“You could say we were hypocrites, but the time seemed right to do another deal and it was a chance to be part of AMV, the best ad agency in the world,” says Horseman. He says that while Horseman Cook’s revenue was “pretty good”, there was no room for growth. “We always flew by the seat of our pants because we didn’t really have the infrastructure in place. We have recently picked up South West Trains as a client, but as Horseman Cooke we probably wouldn’t have done because we didn’t have © the sort of infrastructure that would have instilled confidence,” he says.

Cooke adds that running Horseman Cooke meant “that we found we were getting involved in so many aspects of the business that we weren’t putting as much into design as we could”.

For its part, McBains wanted to acquire a consultancy that would help it refocus on its design offering. Michael Tack, business development director, explains, “We wanted to leave behind the past because there was a lack of clarity about what we were good at. We wanted to go forward and position ourselves as first and foremost a design offering.”

Tack says that McBains sought out Horseman Cooke “not necessarily because they were the biggest or the best, but because we knew them and we knew their history. We felt it was important to have some sort of feeling for the people we were going to do a deal with.” He says that the consultancy had both the ability and the attitude that McBains was looking for.

Having done the deal in August 1997, Horseman Cooke became Horseman Cooke McBains, but it wasn’t an ideal solution. As Horseman explains: “We had been Horseman Cooke for 16 years and we were very attached to it. However, there was no longer a McBain involved in the business and there were nine directors – we couldn’t all have our names over the door because it would have been daft, so we had to change.” He says that the name The Open Agency was selected “because it sums up the company – we are honest and open”.

Open is now a 10m integrated service agency, which includes design, multi-media and advertising . “We have moved into the premier division and we want to stay there,” says Horseman, now Open managing director of design, while Cooke is creative director of design. Open gets work referred from other parts of the AMV empire. “If AMV has a client with only half a million to spend, it is small fry to them, so they refer it on to us and we act as an overspill.” Open also passes on tasks such as new media buying to AMV’s media buying specialist, New PHD and it is working with AMV’s direct marketing arm Craik Jones.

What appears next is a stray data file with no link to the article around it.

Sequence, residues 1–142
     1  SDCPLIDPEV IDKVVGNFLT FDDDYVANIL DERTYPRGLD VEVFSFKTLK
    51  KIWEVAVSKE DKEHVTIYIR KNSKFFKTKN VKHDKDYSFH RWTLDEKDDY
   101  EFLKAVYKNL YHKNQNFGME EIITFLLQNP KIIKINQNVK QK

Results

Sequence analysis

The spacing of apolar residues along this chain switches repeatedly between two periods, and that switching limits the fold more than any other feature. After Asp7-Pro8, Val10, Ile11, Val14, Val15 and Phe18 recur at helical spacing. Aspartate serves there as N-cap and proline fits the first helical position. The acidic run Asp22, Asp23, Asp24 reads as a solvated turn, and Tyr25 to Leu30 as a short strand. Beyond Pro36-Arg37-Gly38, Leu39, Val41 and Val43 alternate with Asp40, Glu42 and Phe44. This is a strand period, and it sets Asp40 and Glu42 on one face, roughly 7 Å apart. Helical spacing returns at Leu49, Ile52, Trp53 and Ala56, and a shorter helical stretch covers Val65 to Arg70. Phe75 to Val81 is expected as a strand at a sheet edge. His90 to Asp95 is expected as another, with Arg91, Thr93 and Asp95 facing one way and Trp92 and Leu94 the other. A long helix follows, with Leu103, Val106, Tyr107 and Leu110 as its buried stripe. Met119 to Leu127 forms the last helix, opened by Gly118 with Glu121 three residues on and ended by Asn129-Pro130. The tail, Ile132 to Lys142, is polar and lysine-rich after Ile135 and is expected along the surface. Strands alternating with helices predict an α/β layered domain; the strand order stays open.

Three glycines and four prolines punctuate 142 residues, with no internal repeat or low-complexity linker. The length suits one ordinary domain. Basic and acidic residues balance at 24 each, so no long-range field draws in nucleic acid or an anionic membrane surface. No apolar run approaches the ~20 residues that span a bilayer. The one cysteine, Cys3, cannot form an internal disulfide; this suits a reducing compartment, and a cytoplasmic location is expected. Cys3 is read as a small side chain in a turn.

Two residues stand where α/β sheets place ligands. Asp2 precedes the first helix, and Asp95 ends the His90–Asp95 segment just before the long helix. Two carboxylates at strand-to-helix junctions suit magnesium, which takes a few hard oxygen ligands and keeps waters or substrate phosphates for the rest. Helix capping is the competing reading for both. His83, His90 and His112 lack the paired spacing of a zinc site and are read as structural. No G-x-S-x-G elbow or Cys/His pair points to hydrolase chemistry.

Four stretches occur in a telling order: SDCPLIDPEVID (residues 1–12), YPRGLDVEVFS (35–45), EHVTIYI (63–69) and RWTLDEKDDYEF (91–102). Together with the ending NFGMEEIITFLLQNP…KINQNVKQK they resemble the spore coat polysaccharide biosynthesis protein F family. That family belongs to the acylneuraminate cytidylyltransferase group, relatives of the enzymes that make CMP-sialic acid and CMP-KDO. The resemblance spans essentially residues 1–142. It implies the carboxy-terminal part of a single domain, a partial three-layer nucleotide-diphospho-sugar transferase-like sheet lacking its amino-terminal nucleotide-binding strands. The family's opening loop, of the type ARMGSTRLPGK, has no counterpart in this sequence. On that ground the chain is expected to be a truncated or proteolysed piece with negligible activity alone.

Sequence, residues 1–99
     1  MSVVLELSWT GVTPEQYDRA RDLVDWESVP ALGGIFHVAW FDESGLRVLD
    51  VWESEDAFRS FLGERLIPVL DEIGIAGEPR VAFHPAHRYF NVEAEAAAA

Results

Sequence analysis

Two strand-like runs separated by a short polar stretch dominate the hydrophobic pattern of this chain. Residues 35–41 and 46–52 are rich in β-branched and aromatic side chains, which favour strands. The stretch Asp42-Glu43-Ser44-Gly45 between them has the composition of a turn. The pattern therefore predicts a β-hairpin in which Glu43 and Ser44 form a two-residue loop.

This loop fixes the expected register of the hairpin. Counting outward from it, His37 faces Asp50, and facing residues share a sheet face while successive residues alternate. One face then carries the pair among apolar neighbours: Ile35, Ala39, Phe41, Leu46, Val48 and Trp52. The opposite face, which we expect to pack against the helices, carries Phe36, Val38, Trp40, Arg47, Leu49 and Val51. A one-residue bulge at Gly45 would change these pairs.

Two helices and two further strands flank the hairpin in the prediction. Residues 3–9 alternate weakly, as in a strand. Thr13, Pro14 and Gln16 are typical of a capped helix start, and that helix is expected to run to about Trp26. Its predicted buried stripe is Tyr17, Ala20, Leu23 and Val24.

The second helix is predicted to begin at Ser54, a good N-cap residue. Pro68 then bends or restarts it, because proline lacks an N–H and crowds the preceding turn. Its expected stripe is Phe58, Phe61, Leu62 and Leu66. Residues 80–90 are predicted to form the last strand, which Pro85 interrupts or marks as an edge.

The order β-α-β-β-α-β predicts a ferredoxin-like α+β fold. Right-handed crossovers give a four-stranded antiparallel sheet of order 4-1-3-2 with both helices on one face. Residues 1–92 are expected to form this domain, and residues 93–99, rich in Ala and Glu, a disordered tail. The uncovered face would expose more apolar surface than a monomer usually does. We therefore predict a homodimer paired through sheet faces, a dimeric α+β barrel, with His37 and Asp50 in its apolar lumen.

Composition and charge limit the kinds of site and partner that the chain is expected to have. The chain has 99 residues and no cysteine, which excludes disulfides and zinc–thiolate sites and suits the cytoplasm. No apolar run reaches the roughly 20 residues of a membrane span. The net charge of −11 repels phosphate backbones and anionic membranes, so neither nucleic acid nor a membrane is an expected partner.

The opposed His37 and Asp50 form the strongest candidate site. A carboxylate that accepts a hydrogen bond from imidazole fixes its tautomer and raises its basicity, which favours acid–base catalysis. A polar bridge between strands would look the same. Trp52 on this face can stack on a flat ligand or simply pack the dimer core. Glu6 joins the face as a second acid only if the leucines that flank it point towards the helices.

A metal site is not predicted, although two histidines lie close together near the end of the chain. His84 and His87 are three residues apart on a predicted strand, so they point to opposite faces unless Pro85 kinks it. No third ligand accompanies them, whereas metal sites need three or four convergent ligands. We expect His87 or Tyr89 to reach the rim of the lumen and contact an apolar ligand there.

Horseman says that the relationship with the parent company is much better than the one that it had with The Lowe Group. This is due to the fact that every AMV company has a “champion” on the board who fights for their corner and refers work across. “In the old days it used to be a case of ‘let’s buy this company and let them make lots of money for us.’ While we still have to meet the bottom line, this is much better,” he says.

However, while Horseman is pleased at how the acquisition has gone, he says that there were times when he and Cooke questioned whether they had made the right decision. “We said from the outset if it’s another Lowe Group situation then we will walk out the door. In the first few months we did think ‘Have we done the right thing?’”

If the honeymoon period was a little difficult, Horseman says that the actual marriage has worked out very well. “Over time the relationship has blossomed from an ugly duckling into a swan.” But he adds “ask me again how I feel in two years time”.


1986 Giant formed by Mark Rollinson, Neil Smith, Alan Herron and Martyn Hay

1997 Giant acquired by international communications group Burson-Marsteller, part of Young &Rubicam, to go international

1999 Herron quits to join The Chase in Manchester

Marsteller Giant

When Giant was acquired by international communications company Burson-Marsteller in the summer of 1997, it didn’t expect one of its first projects would be in Kazakhstan. However, one of the bonuses of being part of a much larger organisation is that it provides Giant with greater access to the international design stage. Burson Marsteller has over 60 offices in 32 countries.